Not about blame for fires, more about capacity building
AS the Border Trail fire continues to threaten communities from Woodenbong to Grevillia, Kyogle Council have been busy providing support.
Council's general manager Graham Kennett said they were working closely with all agencies to support the efforts of the RFS and the community with strong leadership from the NSW Police through the regional Emergency Operations Centre in Casino.
"The current focus is on keeping everyone safe as the fires continue to move through the area,” Mr Kennett said.
"These fires are expected to continuing burning for some time, and there is a need to keep people informed of the situation as it continues to change, and to ensure they remain vigilant and alert.
"At the same time, there are concerted efforts to ensure that people are not given reason to panic through distribution of false or misleading information.”
The council is assisting the RFS with provision of water trucks and graders and the management of road closures.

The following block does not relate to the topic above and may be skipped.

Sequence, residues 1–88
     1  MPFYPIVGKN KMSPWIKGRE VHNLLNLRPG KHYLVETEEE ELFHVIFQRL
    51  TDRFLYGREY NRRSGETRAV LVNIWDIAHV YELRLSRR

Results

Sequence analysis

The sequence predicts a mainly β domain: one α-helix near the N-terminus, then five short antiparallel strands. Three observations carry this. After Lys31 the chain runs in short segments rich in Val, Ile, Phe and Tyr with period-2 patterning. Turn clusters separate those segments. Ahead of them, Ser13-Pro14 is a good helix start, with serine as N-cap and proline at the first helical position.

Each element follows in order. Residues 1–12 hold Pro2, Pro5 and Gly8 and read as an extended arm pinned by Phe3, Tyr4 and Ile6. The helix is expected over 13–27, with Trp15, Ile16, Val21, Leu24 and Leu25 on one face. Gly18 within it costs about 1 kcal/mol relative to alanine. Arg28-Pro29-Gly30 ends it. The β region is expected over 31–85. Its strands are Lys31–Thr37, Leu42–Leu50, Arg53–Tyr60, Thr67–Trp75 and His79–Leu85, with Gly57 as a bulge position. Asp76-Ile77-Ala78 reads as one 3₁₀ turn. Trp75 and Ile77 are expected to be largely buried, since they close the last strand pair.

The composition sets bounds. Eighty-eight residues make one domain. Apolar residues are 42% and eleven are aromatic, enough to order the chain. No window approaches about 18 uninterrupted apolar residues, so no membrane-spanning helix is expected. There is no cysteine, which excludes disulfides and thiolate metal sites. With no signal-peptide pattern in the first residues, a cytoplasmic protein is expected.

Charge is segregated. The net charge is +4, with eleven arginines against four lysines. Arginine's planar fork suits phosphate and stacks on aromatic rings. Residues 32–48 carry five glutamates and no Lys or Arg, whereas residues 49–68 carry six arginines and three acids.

"Local contractors such as MJ Smith are also heavily involved in assisting the RFS with efforts at the fire front around Woodenbong, and community group are assisting with operations in evacuation centres in Kyogle and with Bonalbo on standby in case it is needed,” Mr Kennett said.
"Many of those affected by the fires have left early and are being supported by friends and family, as well as through the welfare agencies and their hard working volunteers.”
There has been a number of donations of non-perishable foods to help feed those on the front line, and at this stage there is no call for further donations.
"When further donations are needed, there will be formal coordinated call out to the community with information on what is needed and how to donate.”
The fires we are seeing now are quite intense, due to high fuel loads in the National Parks and State Forests, Mr Kennett said.
"These types of fires were what the community had long expressed concern about, but hoped would never happen.”
"Raising these concerns again now is not about blaming anyone within these organisations, but more about trying to support them to advocate for increased funding and resources to ensure they have the capacity to better manage the fire risks associated with these public lands in the future.
"This is a discussion that needs to be had after the immediate threat of these fires has past to ensure that we don't end up with these conditions again in the future.
"The community want to make sure that their voices are heard by those who have the ability to make the changes they have long been calling for.”